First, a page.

Phishing websites up 10 percent in Q1 2014, the U.S. still hosts the majority

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The fairly convincing phishing scam is being hosted on a compromised EA Games server.
A large percentage of the world's websites and domain names are hosted in the U.S.

The United States continued to host the majority of phishing websites in the first quarter of 2014, but did not even crack the top 36 when it came to global computer infection rates, according to research from the Anti-Phishing Working Group (APWG).

The number of overall phishing sites observed in the first quarter of 2014 was 125,215, marking a more than 10 percent increase over the final quarter of 2013, during which 111,773 phishing sites were observed, according to the APWG Phishing Activity Trends Report for the first quarter of 2014.

The U.S. hosted more than 40 percent of those sites in each of the first three months of the year, according to the report. The U.S. hosted more than 56 percent of phishing websites in January, but that number dropped a bit following an uptick of sites hosted in Turkey in February and March.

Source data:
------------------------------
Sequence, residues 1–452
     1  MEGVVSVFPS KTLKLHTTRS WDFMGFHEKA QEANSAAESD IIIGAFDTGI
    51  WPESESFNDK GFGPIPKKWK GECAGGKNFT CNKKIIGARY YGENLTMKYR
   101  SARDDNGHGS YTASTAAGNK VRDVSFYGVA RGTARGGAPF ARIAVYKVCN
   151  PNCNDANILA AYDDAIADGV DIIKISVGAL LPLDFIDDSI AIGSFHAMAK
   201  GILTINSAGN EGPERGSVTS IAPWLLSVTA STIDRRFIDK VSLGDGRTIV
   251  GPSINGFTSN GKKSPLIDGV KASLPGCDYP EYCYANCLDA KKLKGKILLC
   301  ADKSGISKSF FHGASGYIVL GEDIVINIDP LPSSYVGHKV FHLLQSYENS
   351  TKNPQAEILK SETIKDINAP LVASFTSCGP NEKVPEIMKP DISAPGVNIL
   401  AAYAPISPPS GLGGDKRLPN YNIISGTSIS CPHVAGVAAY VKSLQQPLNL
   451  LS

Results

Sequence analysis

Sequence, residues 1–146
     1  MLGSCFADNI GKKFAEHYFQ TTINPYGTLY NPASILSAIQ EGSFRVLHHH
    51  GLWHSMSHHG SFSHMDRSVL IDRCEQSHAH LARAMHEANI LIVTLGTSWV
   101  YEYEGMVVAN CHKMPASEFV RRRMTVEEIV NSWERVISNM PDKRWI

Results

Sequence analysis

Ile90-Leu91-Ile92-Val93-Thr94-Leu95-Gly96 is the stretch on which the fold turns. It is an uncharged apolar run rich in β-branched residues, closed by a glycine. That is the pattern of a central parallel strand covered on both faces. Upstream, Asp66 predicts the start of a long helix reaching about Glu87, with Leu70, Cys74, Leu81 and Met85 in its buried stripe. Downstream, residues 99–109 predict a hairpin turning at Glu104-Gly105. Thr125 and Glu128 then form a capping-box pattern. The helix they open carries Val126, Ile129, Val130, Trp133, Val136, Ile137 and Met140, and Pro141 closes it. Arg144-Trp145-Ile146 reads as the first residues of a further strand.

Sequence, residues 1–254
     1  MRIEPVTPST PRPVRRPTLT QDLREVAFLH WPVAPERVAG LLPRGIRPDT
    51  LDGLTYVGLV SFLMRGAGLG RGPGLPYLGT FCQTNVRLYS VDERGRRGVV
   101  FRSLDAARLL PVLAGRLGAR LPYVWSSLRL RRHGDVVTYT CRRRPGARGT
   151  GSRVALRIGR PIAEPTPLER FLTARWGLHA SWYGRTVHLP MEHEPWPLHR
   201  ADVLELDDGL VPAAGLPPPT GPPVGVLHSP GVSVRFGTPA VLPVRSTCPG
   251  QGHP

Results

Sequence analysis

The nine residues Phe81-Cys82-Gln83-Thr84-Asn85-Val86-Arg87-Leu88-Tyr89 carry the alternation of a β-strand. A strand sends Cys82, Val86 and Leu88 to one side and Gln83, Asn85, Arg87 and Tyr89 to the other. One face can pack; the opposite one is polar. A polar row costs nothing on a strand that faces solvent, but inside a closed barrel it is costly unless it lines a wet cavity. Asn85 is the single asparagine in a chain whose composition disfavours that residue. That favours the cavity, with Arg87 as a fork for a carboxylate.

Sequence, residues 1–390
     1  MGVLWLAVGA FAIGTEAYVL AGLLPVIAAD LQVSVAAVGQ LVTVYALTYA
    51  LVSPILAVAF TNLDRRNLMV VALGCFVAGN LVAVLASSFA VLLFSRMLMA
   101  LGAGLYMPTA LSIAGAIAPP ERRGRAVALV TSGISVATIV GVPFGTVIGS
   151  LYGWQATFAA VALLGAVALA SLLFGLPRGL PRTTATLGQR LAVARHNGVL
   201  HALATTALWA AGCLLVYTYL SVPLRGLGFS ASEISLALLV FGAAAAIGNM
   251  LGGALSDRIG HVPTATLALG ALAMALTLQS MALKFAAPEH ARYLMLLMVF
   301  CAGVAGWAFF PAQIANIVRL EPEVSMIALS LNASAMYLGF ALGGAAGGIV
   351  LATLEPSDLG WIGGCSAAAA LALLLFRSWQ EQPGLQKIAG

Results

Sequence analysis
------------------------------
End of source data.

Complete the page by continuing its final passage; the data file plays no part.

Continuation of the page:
“The U.S. hosts the most phishing sites because a large percentage of the world's websites and domain names are hosted in the United States,” Greg Aaron, president of Illumintel and senior research fellow with APWG, told SCMagazine.com in a Wednesday email correspondence.

John Lacour, founder of PhishLabs, told SCMagazine.com in a Wednesday email correspondence that about 80 percent of phishing sites are hosted on compromised websites, according to PhishLabs data. Lacour said that trend will not change until website security is significantly improved.

The number of brands and legitimate entities targeted in phishing attacks also went up in the first quarter of 2014, jumping to 557 from 525 in the previous quarter, according to the report.

“Criminals [are] attacking new brands,” Aaron said. “Almost any enterprise that takes in personal data via the web is a potential target. While phishing has traditionally targeted banks and money transfer services such as PayPal, we're seeing a wider range of targets getting spoofed, such as Airbnb and grocery store chains.”

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